Solvent Vapor Exposure

Evaluating Exposure

The following references provide information about the evaluation of occupational exposures to solvents:

  • OSHA Occupational Chemical Database. OSHA’s premier one-stop shop for occupational chemical information. It compiles information from several government agencies and organizations. Information available on the pages includes chemical identification and physical properties, exposure limits, sampling information, and additional resources.
  • National Institute for Occupational Safety and Health (NIOSH), (2003). Determines whether a dose-response relationship exists between hepatic surveillance end-points and cumulative or subacute exposure to solvents.
  • Employers must comply with a number of standards where employees are potentially exposed to chemical hazards. These include OSHA’s Permissible Exposure Limits PELs for about 400 substances, which can be found as follows:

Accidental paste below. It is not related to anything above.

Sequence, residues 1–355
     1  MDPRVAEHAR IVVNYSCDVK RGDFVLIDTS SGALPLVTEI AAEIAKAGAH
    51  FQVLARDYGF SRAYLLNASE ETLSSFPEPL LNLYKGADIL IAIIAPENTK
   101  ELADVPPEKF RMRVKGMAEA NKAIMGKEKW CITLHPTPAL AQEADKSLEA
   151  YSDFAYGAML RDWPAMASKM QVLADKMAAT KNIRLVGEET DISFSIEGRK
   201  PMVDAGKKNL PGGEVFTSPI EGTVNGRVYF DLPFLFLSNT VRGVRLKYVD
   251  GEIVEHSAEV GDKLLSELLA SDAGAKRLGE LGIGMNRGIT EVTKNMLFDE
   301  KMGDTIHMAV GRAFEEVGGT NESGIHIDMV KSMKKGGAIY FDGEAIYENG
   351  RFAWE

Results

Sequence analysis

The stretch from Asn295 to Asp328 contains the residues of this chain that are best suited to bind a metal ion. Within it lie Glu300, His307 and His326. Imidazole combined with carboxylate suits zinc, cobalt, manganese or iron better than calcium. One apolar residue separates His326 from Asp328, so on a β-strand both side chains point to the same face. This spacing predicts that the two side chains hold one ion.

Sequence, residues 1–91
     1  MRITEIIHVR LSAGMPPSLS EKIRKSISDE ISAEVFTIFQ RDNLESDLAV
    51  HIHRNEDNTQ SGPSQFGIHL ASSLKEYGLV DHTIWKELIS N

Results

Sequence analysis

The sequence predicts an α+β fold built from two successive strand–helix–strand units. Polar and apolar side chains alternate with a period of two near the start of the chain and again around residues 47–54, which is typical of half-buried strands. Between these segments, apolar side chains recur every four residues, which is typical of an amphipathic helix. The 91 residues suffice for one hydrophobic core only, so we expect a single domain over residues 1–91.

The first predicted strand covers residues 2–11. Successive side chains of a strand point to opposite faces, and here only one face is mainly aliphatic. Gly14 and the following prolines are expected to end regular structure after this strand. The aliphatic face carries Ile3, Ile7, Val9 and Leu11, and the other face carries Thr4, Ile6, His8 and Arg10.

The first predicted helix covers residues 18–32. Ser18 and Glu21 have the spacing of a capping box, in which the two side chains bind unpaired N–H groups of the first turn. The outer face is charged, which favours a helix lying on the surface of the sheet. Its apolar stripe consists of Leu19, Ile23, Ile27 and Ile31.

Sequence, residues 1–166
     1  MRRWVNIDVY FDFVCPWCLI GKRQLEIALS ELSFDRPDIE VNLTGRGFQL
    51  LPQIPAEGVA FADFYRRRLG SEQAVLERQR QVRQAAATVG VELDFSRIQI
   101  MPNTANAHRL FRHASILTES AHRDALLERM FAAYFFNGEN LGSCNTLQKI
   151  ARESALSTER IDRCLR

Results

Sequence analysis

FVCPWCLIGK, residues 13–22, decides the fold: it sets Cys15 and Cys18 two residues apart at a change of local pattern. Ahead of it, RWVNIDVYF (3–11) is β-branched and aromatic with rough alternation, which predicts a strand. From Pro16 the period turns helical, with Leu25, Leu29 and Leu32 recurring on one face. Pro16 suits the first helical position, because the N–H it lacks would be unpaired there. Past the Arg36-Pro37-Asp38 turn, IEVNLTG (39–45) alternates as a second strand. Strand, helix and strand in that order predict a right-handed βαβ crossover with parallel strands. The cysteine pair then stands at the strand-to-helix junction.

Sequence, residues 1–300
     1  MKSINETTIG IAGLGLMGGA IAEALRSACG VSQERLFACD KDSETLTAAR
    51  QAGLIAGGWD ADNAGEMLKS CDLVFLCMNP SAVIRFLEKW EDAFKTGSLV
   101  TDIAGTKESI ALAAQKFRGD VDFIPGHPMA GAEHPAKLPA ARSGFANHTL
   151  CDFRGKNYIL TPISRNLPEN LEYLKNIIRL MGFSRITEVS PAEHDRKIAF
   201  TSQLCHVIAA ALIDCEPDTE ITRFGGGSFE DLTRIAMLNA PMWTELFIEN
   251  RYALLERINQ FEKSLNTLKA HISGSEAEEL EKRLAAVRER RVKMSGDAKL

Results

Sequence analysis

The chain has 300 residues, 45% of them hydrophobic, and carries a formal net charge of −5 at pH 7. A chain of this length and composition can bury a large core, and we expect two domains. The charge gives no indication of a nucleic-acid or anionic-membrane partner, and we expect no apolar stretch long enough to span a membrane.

• General Industry: 29 CFR 1910.1000, Toxic and Hazardous Substances
        • Air contaminants and Z1, Z2, Z3 tables
        • 29 CFR 1910.1001 – 29 CFR 1910.1018
        • 29 CFR 1910.1025- 29 CFR 1910.1053


    • Construction: 29 CFR 1926.1101, Toxic and Hazardous Substances
        • 29 CFR 1926.1101 – 29 CFR 1926.1153

      Maritime: 29 CFR 1915.1000, Toxic and Hazardous Substances

      • Substance-specific standards

    Other OSHA standards that generally apply to hazardous substances include the Hazard Communication standard (1910.1200) and the Respiratory Protection standard (1910.134). Employers may also need to provide personal protective clothing (1910.132) where there is a potential hazard from skin contact with chemicals, or eye and face protection to guard against chemical splashes (1910.133).

Activities that can produce large amounts of solvent vapors are spraying & spray-painting, frequent use of solvent-soaked rags to clean parts or cleaning large surface areas, dipping or cleaning parts in large open containers, large spills or releases.

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